Nissan’s Carlos Ghosn event caps three-day Reuters Rebuilding Japan Summit
By Abi Sekimitsu, Editor, Japan
The three-day Reuters Rebuilding Japan Summit concluded on June 22nd with a packed Newsmaker event for our clients with guest speaker Nissan/Renault CEO Carlos Ghosn and moderated by Deputy Editor-in-Chief Paul Ingrassia. The flamboyant Ghosn, a rare celebrity CEO in a country mostly populated by drab, conservative corporate executives, drew a standing-room-only crowd at Thomson Reuters Japan’s Akasaka office. Interviewed by Paul – a veteran “car guy” who has reported on the automobile industry for over two decades – Ghosn said he saw significant higher sales for next fiscal year after Nissan restored production more quickly than expected after the March 11 earthquake flattened one of its plants in Fukushima.
He also praised the Japanese people, saying that the quake showed they were unmatched in their speed, execution and dedication – a view shared by Toyota executive vice president Yukitoshi Funo, who earlier spoke at the Reuters Rebuilding Japan Summit.
“When you clarify for the people the priority and the vision, the Japanese workforce is second to none,” Ghosn told the audience. Paul later took questions from the audience and from viewers of the live webcast of the event.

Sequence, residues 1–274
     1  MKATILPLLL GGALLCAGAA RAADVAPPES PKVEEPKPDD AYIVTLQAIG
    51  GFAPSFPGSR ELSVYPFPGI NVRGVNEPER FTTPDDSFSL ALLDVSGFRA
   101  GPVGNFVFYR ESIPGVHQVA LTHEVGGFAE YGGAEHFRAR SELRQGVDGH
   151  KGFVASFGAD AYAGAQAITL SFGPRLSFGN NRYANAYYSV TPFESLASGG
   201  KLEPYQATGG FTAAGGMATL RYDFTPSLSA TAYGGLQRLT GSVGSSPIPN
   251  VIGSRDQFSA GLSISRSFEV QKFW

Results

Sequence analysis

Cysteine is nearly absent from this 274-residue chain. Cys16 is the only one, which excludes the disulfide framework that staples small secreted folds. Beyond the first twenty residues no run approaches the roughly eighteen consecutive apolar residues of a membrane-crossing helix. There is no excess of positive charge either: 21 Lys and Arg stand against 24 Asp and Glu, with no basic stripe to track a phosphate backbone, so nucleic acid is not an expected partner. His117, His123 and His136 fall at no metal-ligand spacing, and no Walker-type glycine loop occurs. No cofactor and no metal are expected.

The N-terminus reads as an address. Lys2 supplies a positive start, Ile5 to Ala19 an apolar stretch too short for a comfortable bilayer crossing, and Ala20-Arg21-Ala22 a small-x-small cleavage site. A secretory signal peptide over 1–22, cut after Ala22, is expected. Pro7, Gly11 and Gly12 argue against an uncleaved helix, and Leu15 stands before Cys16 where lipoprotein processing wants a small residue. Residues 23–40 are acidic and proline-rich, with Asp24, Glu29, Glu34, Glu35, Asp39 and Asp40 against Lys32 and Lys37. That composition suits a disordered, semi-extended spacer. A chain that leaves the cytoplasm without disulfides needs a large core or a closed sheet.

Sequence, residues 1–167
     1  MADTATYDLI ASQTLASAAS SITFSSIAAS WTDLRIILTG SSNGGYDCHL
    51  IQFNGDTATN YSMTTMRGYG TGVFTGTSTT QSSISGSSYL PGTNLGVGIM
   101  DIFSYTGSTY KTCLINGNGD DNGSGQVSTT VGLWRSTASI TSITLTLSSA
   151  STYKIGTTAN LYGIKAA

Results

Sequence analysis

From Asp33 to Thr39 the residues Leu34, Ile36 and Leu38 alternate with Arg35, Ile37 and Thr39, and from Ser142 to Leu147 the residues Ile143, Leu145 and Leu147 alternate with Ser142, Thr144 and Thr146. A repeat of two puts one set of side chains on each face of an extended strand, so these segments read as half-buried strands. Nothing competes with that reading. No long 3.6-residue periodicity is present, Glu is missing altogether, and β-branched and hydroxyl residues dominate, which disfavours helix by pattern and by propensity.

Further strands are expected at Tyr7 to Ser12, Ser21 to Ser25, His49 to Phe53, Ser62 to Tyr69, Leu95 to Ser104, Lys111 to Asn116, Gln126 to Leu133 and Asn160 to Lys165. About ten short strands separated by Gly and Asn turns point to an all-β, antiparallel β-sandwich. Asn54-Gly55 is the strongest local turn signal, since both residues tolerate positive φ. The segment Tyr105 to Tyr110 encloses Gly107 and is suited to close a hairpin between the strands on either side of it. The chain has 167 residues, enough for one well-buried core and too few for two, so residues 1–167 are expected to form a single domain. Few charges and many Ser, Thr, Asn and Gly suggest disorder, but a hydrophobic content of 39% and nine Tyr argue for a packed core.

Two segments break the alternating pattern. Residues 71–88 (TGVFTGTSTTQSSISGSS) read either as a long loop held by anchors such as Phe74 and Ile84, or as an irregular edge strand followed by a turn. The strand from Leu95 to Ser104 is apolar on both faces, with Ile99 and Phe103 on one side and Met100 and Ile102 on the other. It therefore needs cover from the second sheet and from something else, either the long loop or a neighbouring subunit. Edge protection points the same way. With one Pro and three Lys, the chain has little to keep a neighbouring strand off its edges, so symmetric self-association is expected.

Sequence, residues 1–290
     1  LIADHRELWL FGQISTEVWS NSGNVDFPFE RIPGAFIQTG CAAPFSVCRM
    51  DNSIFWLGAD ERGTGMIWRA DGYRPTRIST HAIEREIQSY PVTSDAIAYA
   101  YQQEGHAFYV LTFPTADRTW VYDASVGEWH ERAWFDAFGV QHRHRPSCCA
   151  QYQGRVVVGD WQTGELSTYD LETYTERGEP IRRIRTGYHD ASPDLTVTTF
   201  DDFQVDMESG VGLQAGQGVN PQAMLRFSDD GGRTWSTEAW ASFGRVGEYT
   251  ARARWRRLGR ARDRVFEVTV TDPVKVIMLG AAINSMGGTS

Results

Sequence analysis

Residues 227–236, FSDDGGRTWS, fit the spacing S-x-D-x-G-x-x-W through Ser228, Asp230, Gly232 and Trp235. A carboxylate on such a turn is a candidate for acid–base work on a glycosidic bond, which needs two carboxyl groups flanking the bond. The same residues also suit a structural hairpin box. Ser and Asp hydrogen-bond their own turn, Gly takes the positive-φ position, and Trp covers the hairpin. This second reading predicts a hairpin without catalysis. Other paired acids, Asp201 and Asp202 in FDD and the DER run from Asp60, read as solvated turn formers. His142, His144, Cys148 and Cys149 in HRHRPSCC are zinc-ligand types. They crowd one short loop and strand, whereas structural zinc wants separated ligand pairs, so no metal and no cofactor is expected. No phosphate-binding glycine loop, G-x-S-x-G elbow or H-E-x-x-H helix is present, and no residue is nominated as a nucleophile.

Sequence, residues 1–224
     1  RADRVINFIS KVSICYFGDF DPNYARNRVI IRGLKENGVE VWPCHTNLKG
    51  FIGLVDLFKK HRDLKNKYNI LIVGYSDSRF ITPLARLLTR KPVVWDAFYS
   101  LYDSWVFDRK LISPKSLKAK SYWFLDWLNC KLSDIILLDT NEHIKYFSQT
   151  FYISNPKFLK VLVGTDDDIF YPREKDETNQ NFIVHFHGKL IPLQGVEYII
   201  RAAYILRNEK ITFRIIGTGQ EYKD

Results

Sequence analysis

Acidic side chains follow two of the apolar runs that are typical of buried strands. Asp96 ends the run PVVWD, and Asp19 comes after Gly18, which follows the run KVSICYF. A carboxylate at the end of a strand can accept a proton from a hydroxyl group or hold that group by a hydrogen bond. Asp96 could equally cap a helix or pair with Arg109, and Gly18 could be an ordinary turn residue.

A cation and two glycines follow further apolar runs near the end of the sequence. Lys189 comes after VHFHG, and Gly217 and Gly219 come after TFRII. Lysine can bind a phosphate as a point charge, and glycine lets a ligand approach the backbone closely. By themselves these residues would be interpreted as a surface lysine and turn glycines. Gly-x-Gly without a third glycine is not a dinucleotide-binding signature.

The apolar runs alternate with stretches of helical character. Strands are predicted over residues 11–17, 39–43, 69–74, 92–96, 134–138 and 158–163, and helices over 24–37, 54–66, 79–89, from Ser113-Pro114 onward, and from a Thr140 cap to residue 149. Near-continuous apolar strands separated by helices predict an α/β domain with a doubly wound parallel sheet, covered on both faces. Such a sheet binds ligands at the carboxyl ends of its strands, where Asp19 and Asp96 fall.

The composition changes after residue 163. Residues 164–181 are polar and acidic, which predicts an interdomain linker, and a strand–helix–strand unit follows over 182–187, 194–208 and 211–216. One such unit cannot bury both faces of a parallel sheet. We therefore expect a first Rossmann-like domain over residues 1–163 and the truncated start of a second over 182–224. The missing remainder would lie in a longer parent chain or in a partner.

A hundred days have passed since a devastating earthquake and tsunami triggered a nuclear meltdown crisis in the world’s third-largest economy, providing the perfect context for the event.
The Summit brought together top executives and thought leaders from around the country to explore the possibilities and the timing of Japan’s recovery. Our Japanese language website Reuters.co.jp also live streamed the newsmaker event on the Rebuilding Japan summit live blog page, where it posted and tweeted Ghosn’s comments in real time, along with latest headlines, video, pictures from the Summit meeting. Nearly 8000 users have visited the page over the past three days.
The speakers ranged from the heads of the world’s largest public pension fund and Japan’s largest retailer to an opposition lawmaker who is building a bipartisan “green alliance” to oppose nuclear power generation. Over three days, Reuters journalists heard exclusively from 25 speakers about the likelihood of a Japanese debt default, whether renewable energy will replace nuclear power, which sectors are now ripe for M&A and whether foreign investors can be lured back to Japanese assets.
Taro Kono, the maverick MP from the main opposition Liberal Democratic Party who has long condemned Japan’s nuclear power industry, told the Summit that there are moves now for the ruling and opposition parties to form an alliance to push for a change in Japan’s energy policy. The heads of Seven & I and Lawson, Japan’s number one and number two retailers whose chain of convenience stores were hit by supply disruptions cause by the quake, detailed overseas expansion plans. The chairman of Japan’s Government Pension Investment Fund and the managing director of PIMCO Japan discussed their positions on Japanese government debt and corporate credit default swaps, and the president and CEO of Sumitomo Mitsui Financial Group said that the March 11 disaster will force Japan’s manufacturing and other sectors into consolidation. There were also two panels – one on M&A and another on the macro economy – where bankers and economists detailed the post-quake challenges and opportunities for companies and economic policymakers.
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